Showing posts with label FACTS. Show all posts
Showing posts with label FACTS. Show all posts

A cunning Dolphin in Institute for Marine Mammal Studies

A cunning Dolphin in Institute for Marine Mammal Studies

At the Institute for Marine Mammal Studies in Mississippi, Kelly the dolphin has built up quite a reputation. All the dolphins at the institute are trained to hold onto any litter that falls into their pools until they see a trainer when they can trade the litter for fish. In this way, the dolphins help to keep their pools clean.

Kelly has taken this task one step further. When people drop paper into the water she hides it under a rock at the bottom of the pool. The next time a trainer passes, she goes down to the rock and tears off a piece of paper to give to the trainer. After a fish reward, she goes back down, tears off another piece of paper get another fish, and so on. This behaviour is interesting because it shows that Kelly has a sense of the future and delays gratification. She has realised that a big piece of paper gets the same reward as a small piece and so delivers only small pieces to keep the extra food coming. She has, in effect, trained the humans.

Her cunning has not stopped there. One day, when a gull flew into her pool, she grabbed it, waited for the trainers and then gave it to them. It was a large bird and so the trainers gave her lots of fish. This seemed to give Kelly a new idea. The next time she was fed, instead of eating the last fish, she took it to the bottom of the pool and hid it under the rock where she had been hiding the paper. When no trainers were present, she brought the fish to the surface and used it to lure the gulls, which she would catch to get even more fish. After mastering this lucrative strategy, she taught her calf, who taught other calves, and so gull-baiting has become a hot game among the dolphins.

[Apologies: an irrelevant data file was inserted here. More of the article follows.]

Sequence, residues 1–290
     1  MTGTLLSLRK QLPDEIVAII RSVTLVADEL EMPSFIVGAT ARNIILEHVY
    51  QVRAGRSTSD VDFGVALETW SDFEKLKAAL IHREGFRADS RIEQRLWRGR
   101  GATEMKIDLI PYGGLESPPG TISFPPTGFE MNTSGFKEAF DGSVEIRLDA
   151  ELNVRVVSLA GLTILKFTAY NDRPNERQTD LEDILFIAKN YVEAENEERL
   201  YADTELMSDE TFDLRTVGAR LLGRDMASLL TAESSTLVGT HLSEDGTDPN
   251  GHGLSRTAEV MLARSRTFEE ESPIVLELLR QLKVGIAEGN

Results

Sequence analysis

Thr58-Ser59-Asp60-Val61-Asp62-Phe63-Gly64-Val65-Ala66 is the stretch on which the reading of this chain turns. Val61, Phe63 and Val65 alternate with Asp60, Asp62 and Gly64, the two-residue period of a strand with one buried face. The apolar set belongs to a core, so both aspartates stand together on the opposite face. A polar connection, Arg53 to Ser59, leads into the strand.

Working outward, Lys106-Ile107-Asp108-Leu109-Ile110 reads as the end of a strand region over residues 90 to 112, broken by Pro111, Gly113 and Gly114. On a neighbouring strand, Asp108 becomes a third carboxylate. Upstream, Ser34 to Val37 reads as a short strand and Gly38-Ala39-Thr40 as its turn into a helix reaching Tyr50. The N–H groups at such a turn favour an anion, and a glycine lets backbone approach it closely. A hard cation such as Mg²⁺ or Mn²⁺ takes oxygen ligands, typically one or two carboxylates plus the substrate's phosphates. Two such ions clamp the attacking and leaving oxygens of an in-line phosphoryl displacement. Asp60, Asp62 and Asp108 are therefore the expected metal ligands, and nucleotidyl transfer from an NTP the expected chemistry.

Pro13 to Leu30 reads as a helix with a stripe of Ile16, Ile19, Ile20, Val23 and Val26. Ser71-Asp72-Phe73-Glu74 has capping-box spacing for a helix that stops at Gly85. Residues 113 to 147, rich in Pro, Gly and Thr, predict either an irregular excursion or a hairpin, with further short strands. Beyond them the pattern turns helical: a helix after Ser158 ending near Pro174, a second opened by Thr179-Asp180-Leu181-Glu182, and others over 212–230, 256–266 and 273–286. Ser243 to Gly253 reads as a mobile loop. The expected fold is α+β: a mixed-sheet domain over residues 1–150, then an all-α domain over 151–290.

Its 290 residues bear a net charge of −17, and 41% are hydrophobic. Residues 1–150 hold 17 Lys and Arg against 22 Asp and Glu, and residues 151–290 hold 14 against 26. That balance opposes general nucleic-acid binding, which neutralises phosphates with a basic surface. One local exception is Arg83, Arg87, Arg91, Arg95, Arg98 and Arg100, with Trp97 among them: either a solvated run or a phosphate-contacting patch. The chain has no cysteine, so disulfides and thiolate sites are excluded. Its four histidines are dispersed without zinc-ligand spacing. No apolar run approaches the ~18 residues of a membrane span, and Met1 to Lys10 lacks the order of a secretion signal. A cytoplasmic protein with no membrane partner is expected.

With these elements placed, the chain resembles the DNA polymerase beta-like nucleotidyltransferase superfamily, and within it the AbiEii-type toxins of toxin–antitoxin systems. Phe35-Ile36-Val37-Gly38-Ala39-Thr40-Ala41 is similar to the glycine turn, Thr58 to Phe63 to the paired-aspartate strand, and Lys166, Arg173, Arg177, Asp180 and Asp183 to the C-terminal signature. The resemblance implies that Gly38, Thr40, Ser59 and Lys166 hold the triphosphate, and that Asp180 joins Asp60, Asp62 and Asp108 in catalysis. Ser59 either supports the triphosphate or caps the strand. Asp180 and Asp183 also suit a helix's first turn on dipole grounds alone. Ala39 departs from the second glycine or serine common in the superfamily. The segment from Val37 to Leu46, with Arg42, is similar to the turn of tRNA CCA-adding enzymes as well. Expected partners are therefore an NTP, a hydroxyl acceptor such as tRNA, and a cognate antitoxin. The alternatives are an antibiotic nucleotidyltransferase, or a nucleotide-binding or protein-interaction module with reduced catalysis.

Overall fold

Source


In Singapore Water Is Made Of Pee? By Newater


SINGAPORE — They call it "NEWater" but it's just the opposite: recycled sewage water packed in clear plastic bottles, ready for drinking.

Surrounded by oceans but lacking adequate clean water resources, Singapore hopes to get 55% of its drinking water from recycled sewer water by 2060.







Water Treatment Process of Newater.

The level might seem ludicrous if so many other countries weren't confronting their own water shortages.

But it's still not enough to make up for the lack of rain, so water districts are also considering new sources— say, the Pacific Ocean — that for years was considered too expensive. Recycled water is another option that's coming to the fore as affordable and environmentally friendly.

"In many countries, you call it sewage, but that sound so … messy," said George Madhavan, ‪director of corporate development with Singapore's Public Utilities Board.‬‬



"Basically, you drink the water, you go to the toilet, you pee and we collect it back and clean it," he said.